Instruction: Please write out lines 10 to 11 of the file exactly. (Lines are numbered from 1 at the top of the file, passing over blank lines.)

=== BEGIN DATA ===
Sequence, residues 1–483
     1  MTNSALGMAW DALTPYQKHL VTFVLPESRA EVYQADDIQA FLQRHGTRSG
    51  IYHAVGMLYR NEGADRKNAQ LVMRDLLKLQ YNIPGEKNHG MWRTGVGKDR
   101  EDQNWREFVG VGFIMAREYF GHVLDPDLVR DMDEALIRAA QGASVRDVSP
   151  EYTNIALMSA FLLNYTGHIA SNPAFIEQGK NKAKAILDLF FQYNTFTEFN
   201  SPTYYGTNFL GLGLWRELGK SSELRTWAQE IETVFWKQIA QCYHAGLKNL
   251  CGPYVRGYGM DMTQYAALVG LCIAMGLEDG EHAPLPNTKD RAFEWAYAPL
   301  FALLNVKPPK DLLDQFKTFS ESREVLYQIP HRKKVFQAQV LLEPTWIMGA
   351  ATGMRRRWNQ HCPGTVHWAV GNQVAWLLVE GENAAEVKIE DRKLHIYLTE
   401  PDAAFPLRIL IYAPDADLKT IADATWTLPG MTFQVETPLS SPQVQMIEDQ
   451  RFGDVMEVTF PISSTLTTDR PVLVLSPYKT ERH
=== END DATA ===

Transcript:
   401  PDAAFPLRIL IYAPDADLKT IADATWTLPG MTFQVETPLS SPQVQMIEDQ
   451  RFGDVMEVTF PISSTLTTDR PVLVLSPYKT ERH